TR Robertson –The latest play at the Old Globe Theatre in Balboa Park, “Under a Baseball Sky”, was commissioned by the Globe, premiering coincidently around the start of the Major League Baseball season. The play, written by Jose Cruz Gonzalez, centers around a small part of a Latino community that could easily said to be Logan Heights, now Barrio Logan, and the importance baseball played in this community. Along the way, a bit of baseball history many do not know about is shared about the early history of Latinos playing baseball in the 1920’s and beyond is unveiled.
Unlike “American Mariachi”, also written by Gonzalez, premiering at the Globe in 2018, there is no music central to this story. Instead, the story centers around the change in a community, the struggles to maintain a sense of community and the struggles of two families dealing with very personal issues in the community. “Under a Baseball Sky” is directed by Globe Resident Artist James Vasquez, who also directed “American Mariachi”.
“Under a Baseball Sky” is not set in a specific city or in a specific time period. Joseph Morales plays Chava, a social worker assigned to supervise young men who have been assigned to him by juvenile courts. Morales has performed in several national tours and regional theatre around the country. He has been assigned to supervise Teo, played by Diego Josef, making his stage debut. Teo threatened a boy at his high school and now has been assigned community service at what was once a baseball field for the Latino communities baseball team. Teo is also an aspiring baseball player, but now cannot participate at his school. Next to the baseball field is the home of Eli, played by Laura Crotte, making her Old Globe debut. Eli is an elderly lady, could be 70, could be 80 or older, she won’t tell. The ball field carries a lot of history and memories for her, especially centering around her daughter Paloma, once a star softball player, and her son Santiago, once an aspiring baseball player. Paloma mysteriously disappeared 40 years ago when she was fighting for union rights for Latino workers and Santiago was an Army corporal who died when he was hit by a car. Paloma is played by Ana Nicolle Chavez and Cesar J. Rosado plays Santiago. We learn the story of Paloma and Santiago through several flashbacks and they appear as “spirits” whose memory haunt both Eli and Teo, but also help inspire them to move forward with their lives to make changes necessary to achieve any dreams they might have.
Gonzalez has Eli, Laura Crotte, speak in Spanish for most of the first half of the 90 minute play, but through her actions the audience understands what she is trying to communicate. Morales, Chava, also assists in deciphering the intentions Eli wants everyone to understand. Crotte presents Eli with humor at times, compassion at times, and filled with guilt at times. Her scene in a catcher’s outfit, trying to help Teo learn how to pitch correctly, is priceless as she develops a friendship with Teo. For a first-time performer on stage, Diego Josef does a creditable job presenting Teo as a troubled young man who is also dealing with extreme home problems centered around his mother and her deportation. Gonzalez also has Chava, Joseph Morales, relate a great deal of history surrounding the importance of baseball to the Latino community and the history of Latinos in the early development of baseball as a national pastime. Most people have heard about the problem of discrimination of blacks in the beginning days of baseball, but many have not heard of the same treatment Latinos went through trying to break into professional baseball. This play also serves as a baseball education for what many were not aware.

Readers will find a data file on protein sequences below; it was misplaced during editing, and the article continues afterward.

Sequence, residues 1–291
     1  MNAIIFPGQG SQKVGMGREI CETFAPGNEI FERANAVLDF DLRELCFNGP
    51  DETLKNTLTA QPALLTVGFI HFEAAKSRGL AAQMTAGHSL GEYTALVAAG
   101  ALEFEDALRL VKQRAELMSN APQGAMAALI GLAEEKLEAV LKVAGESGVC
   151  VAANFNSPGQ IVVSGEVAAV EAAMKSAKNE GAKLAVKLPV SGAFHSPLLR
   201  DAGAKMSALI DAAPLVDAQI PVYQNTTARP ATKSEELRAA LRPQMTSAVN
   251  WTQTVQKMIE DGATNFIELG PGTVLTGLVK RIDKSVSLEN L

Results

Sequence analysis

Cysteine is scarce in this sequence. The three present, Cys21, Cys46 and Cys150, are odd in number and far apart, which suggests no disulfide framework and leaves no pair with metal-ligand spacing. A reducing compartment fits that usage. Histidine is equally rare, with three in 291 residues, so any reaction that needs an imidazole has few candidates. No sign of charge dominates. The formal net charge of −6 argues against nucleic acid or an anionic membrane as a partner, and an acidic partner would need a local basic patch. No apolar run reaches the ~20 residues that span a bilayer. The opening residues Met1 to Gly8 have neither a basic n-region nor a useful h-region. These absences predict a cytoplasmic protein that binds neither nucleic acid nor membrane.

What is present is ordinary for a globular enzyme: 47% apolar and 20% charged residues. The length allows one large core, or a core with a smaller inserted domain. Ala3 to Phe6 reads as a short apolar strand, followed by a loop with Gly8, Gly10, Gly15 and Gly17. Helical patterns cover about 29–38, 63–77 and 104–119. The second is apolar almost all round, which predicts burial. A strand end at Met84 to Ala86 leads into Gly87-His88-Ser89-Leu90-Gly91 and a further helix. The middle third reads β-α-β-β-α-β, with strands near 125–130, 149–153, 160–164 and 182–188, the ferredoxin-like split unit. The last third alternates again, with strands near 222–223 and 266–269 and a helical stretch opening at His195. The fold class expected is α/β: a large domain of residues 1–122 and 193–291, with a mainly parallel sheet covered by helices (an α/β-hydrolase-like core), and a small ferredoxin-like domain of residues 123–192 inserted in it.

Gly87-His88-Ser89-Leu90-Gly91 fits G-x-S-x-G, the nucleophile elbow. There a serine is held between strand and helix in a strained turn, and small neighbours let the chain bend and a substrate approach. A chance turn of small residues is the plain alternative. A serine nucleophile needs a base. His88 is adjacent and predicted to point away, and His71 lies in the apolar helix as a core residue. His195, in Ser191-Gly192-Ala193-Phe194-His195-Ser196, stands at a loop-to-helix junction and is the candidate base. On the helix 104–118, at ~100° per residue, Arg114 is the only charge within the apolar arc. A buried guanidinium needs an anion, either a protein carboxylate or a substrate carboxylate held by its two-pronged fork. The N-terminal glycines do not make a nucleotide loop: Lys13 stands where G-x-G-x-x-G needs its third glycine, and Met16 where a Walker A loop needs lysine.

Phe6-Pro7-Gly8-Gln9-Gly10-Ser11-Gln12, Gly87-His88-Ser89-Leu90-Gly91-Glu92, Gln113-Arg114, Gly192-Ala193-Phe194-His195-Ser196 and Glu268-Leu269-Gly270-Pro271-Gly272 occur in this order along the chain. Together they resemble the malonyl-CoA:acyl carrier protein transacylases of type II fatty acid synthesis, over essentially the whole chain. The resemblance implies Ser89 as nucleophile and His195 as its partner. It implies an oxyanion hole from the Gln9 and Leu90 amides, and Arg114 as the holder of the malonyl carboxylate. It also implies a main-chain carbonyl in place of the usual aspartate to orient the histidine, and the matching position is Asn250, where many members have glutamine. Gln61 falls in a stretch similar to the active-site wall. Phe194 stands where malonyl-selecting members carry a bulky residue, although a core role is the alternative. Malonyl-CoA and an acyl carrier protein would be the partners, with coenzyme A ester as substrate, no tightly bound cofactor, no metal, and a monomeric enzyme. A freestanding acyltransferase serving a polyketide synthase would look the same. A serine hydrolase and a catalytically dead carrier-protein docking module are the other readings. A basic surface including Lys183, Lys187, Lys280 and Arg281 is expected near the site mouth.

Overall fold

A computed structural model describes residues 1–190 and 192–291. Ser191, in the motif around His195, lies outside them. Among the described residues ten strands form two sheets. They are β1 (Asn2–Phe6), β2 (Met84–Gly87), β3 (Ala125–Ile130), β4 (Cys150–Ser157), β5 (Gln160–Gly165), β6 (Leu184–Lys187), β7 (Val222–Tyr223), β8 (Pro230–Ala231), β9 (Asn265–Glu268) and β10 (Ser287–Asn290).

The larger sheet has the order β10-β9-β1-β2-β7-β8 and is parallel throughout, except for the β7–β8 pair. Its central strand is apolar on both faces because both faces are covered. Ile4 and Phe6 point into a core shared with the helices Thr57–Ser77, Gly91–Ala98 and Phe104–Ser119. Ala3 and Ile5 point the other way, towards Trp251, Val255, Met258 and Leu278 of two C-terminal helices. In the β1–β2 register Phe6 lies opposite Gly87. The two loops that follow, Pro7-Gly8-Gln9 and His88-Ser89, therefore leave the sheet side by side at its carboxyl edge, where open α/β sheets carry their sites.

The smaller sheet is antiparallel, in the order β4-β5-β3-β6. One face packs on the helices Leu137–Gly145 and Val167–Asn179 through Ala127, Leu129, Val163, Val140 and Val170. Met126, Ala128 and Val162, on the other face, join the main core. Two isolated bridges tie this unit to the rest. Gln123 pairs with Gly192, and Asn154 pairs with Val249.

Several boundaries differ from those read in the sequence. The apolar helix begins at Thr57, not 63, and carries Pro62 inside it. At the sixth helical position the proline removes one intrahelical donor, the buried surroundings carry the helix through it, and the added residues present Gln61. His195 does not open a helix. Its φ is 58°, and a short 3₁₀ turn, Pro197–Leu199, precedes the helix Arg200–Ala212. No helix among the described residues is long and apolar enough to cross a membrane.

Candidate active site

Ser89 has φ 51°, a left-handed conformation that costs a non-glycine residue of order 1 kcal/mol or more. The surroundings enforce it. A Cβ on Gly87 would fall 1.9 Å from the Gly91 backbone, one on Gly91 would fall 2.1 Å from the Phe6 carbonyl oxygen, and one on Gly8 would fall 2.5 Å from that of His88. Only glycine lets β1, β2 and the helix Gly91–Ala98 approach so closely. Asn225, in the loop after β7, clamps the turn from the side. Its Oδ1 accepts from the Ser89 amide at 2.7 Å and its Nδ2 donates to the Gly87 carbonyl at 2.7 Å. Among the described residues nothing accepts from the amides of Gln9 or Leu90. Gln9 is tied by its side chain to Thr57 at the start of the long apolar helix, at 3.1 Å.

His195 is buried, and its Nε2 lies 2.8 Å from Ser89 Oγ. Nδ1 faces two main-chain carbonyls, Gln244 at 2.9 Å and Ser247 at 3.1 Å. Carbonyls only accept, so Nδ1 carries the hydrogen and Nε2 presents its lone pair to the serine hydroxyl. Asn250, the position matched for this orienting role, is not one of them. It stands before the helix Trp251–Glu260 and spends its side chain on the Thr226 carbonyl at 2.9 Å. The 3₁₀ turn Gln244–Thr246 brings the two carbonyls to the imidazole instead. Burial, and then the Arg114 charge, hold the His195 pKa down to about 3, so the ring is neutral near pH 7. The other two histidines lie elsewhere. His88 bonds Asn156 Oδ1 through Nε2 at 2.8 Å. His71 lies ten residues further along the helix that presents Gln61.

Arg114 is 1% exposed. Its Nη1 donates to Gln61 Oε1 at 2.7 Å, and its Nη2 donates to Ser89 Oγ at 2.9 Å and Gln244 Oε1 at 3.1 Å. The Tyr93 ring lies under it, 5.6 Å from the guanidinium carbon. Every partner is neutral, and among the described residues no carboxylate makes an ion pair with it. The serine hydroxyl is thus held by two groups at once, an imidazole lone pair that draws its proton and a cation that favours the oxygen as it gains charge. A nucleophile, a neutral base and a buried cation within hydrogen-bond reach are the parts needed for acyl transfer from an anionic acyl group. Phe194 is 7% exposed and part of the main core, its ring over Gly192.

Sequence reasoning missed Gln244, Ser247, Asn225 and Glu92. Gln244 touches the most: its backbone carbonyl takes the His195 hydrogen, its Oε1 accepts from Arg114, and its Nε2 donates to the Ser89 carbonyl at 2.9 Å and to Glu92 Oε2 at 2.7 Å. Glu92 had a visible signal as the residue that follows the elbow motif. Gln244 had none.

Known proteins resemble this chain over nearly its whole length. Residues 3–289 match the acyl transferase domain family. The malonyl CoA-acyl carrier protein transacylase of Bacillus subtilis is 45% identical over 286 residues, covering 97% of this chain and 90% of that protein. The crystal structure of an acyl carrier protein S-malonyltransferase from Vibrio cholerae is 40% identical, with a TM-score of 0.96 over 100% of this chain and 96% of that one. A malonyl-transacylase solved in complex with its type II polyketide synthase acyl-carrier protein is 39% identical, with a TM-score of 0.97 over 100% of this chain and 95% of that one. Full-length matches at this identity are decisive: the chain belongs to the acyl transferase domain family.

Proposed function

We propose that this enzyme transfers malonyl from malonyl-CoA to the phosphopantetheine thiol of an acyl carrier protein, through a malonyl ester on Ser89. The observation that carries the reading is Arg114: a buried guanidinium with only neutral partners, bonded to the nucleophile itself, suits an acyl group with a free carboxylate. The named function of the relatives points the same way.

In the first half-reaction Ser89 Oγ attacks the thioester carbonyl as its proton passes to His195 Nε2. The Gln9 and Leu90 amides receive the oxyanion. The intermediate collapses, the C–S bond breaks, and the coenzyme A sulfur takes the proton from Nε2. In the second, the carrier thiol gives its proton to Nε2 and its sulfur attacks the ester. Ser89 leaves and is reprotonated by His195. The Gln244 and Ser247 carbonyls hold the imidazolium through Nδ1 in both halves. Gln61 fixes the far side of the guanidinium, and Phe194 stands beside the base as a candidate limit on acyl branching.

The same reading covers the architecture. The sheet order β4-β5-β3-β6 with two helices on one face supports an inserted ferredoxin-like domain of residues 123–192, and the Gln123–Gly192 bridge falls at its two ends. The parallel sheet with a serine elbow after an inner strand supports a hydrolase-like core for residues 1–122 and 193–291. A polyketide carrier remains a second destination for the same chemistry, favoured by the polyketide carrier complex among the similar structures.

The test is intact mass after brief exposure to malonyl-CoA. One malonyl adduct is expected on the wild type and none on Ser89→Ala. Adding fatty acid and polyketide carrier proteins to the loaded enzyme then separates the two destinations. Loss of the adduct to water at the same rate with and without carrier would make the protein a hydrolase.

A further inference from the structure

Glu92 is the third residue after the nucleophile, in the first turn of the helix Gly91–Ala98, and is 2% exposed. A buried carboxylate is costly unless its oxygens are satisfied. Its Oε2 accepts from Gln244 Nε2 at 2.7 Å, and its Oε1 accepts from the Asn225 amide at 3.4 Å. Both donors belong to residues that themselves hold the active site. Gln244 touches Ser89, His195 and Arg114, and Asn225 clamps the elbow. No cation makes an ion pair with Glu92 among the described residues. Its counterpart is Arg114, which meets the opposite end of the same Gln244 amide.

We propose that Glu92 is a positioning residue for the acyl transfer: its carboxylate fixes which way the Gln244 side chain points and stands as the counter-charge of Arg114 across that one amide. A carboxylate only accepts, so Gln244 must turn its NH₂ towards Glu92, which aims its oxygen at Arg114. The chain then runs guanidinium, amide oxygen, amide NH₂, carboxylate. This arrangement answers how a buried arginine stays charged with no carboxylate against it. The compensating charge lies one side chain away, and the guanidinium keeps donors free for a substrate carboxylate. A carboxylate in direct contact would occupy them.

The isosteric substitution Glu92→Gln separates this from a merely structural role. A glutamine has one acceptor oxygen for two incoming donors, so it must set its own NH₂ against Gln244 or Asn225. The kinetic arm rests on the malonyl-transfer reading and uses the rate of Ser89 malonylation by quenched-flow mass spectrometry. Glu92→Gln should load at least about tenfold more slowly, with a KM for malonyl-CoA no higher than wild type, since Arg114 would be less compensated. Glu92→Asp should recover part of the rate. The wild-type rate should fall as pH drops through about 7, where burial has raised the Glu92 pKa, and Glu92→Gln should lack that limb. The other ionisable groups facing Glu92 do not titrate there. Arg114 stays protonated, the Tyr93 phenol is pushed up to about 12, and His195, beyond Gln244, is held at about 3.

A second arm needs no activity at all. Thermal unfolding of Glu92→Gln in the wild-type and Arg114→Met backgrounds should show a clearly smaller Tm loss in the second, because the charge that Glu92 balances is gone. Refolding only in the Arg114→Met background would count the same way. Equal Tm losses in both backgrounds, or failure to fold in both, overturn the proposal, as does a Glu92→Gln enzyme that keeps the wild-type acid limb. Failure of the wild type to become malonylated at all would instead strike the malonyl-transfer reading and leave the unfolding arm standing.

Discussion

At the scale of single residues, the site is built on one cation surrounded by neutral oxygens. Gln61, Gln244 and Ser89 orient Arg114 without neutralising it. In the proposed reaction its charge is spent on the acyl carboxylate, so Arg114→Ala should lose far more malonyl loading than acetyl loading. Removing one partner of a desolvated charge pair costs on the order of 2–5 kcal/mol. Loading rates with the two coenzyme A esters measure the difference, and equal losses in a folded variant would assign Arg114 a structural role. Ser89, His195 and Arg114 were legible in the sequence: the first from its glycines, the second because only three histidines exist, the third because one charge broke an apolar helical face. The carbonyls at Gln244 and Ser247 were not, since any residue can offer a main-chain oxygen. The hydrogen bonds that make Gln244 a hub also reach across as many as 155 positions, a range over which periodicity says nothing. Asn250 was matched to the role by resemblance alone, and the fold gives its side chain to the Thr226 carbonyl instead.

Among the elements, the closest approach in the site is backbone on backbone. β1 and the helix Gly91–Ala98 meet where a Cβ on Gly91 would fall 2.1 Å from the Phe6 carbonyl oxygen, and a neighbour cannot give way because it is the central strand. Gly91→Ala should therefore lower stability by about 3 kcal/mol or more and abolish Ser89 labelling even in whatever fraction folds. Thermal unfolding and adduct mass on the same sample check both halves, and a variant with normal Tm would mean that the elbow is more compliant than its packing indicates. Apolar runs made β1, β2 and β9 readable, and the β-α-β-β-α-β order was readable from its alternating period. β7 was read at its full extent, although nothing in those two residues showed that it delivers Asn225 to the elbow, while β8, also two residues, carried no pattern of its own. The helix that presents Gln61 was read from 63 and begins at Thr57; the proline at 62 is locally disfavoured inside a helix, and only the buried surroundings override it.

Ana Nicolle Chavez presents an emotional Paloma fighting for the rights of Latinos in the United States and Cesar J. Rosado presents Santiago as the stoic big brother who feels he has a sense of duty he must perform, but resents what he finds out his mother did that might have cost Paloma her life.
Anna Louzos turned the theater in the round stage into a square baseball lot and made it seem bigger than it was for the baseball scenes. Other members of the production team assisting Director James Vasquez included Costume Designer Danielle Nieves, Lighting Designer Rui Rita, Sound Designer Leon Rothenberg, Associate Director Noelle Marion, Baseball Coach Pedro Ortiz Vasquez, fight Consultant Ka’imi Kuoha, and Production Stage Manager Jess Slocum.
“Under a Baseball Sky” is at the Conrad Prebys Theatre Center of The Old Globe and in the Sheryl and Harvey White Theatre. It will be on stage until March 12th. Tickets are available at www.theoldglobe.org or call 619-234-5623.